Defined benefit plans are becoming a retirement vehicle of the past — and the recently signed budget funding the federal government for the next two years won’t help. The budget, which President Barack Obama signed into law this week, contains increases for Pension Benefit Guaranty Corporation premiums for single-employer pension plans.
The increased rates “do nothing to encourage single-employers to continue defined benefit plans or improve benefits for retirees,” says Annette Guarisco Fildes, president and CEO of the ERISA Industry Committee (ERIC). “In fact, the increases only work to further weaken the private retirement system.”
Flat-rate premiums will increase to $69 in 2017; $74 in 2018; and $80 in 2019 — more than twice the 2012 rate — according to PBGC. The increased rates “adds costs and burdens to those who are sponsoring the plans,” says Guarisco Fildes. “There was no need for any additional premium increases for 2016 or beyond.”
PBGC declined to comment, but will be holding a media call Nov. 16 to “further explain our financial position and entertain press queries,” says PBGC Press Secretary Marc Hopkins.
PBGC premium increases shouldn’t be used to fund other government programs, Guarisco Fildes says. “It’s important that if there are increases in the pension area, that it stays in the pension area,” she says.
American Benefits Council President James Klein agrees: “If policymakers are serious about Americans’ retirement security, they need to stop using employer-sponsored plans as a piggy bank.”
It’s not all bad news, though, Klein says. “We recognize that the budget agreement also extends previously enacted pension funding stabilization measures and provides some relief related to assumptions that pension actuaries are supposed to use. That’s welcome news,” he says. “But those provisions are intended to make it easier for employers to keep their pension plans, and therefore have a sound policy purpose. By contrast, incessant premium increases drive employers away from plan sponsorship, undermining pension security for workers and retirees and ultimately eroding PBGC’s financial integrity.”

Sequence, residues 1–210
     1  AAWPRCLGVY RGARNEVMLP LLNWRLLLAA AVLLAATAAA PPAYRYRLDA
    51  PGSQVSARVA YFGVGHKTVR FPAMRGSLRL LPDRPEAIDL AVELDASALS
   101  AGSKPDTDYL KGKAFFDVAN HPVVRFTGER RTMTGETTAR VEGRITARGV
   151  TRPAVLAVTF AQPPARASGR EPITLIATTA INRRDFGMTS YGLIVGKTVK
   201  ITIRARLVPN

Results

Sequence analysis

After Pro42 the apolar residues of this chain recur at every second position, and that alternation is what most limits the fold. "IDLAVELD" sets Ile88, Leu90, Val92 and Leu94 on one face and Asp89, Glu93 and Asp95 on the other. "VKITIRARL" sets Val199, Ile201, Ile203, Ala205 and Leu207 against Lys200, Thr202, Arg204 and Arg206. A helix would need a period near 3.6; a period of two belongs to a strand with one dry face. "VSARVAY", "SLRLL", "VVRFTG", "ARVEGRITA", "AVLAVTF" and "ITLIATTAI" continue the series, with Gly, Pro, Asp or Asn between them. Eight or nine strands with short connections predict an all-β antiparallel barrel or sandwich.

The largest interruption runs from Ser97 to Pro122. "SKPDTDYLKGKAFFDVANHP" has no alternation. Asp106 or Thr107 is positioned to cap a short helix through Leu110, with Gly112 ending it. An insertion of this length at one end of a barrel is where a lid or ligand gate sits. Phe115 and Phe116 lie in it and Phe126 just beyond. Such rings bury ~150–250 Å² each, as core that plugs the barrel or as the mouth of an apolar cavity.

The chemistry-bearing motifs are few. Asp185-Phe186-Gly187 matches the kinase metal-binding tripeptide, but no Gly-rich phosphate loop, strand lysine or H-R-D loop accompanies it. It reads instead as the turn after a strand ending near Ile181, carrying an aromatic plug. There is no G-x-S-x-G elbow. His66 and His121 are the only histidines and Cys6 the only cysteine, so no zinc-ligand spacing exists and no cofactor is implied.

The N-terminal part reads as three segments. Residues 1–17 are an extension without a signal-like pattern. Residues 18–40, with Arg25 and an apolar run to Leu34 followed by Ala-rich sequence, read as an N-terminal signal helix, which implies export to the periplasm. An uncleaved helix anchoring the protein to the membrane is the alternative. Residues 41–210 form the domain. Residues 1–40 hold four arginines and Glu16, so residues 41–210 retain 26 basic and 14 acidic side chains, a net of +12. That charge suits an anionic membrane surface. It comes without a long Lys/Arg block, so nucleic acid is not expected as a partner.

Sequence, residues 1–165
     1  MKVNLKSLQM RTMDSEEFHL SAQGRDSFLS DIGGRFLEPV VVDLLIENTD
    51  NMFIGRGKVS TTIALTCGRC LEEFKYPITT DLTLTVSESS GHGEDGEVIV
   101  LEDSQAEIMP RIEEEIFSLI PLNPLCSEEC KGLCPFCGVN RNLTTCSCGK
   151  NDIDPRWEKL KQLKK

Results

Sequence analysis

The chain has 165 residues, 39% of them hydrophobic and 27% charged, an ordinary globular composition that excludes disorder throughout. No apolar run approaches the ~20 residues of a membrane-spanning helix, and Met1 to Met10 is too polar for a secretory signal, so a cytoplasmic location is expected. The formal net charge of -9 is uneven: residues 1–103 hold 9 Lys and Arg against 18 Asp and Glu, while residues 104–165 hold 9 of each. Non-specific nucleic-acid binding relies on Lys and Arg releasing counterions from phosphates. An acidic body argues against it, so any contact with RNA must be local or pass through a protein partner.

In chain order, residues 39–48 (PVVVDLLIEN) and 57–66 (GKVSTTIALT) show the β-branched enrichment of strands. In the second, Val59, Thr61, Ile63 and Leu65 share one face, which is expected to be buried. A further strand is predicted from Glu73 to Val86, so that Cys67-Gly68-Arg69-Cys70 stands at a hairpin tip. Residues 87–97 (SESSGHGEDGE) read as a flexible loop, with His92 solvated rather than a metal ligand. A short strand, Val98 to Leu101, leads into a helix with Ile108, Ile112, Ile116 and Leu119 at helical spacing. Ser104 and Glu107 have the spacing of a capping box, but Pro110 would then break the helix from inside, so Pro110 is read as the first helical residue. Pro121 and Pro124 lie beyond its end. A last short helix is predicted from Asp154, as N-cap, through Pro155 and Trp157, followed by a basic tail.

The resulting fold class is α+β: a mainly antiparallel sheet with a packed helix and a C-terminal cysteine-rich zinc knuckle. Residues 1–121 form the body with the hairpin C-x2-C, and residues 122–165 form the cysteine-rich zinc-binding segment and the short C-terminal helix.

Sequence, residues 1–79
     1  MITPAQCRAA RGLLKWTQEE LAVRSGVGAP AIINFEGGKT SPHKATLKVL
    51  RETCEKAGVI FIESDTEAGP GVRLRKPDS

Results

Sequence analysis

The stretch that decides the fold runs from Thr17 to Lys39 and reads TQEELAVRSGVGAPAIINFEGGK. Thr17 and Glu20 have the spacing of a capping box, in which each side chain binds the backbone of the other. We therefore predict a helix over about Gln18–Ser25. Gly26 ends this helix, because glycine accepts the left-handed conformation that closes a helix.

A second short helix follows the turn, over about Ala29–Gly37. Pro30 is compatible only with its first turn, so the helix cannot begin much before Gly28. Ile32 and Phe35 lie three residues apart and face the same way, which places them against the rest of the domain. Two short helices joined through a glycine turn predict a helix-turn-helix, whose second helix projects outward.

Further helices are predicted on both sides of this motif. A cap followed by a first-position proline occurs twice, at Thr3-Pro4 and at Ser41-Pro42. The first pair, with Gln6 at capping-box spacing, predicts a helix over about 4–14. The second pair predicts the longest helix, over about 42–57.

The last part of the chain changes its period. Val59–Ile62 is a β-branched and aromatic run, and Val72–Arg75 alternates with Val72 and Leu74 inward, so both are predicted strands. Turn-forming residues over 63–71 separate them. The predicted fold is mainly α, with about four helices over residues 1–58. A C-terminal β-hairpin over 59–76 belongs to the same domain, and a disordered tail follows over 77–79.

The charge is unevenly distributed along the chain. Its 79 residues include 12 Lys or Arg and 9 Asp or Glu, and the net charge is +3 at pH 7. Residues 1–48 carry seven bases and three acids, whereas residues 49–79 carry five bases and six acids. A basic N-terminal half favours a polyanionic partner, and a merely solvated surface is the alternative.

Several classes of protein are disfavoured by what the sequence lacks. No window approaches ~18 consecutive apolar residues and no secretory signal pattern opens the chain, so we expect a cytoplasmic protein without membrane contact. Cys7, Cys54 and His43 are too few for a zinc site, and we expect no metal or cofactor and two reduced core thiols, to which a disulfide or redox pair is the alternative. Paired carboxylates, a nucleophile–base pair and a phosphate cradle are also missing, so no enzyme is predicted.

Employers could exit the system
Some pension plans could go away as employers consider whether or not they want to continue to offer pensions given the rate increases, Guarisco Fildes says. Reducing participants is one way to address the issue, and employers might offer lump sums to employees, says Jon Waite, director of the advisory team and chief actuary at SEI Institutional. Plan sponsors should consult with their adviser to understand the impact the premium increases will have and to devise a strategy going forward, he says.
The premium hikes affect plan sponsors more than anyone else, however, employers won’t be the only ones impacted, Guarisco Fildes says. As more and more plans exit the system, there will be less demand for DB consultants and asset managers, she says. “It’s a rather large ripple effect that will go through the whole system.”
Though the rates through 2019 are set, Guarisco Fildes says she will ramp-up efforts to educate legislators about the impact of PBGC premium increases. Large employers help innovate retirement options for employees, she says, and ERIC wants to work with Congress to improve retirement savings, instead of encouraging an exit from the pension system. “Our focus will be on insuring that this does not happen again.”
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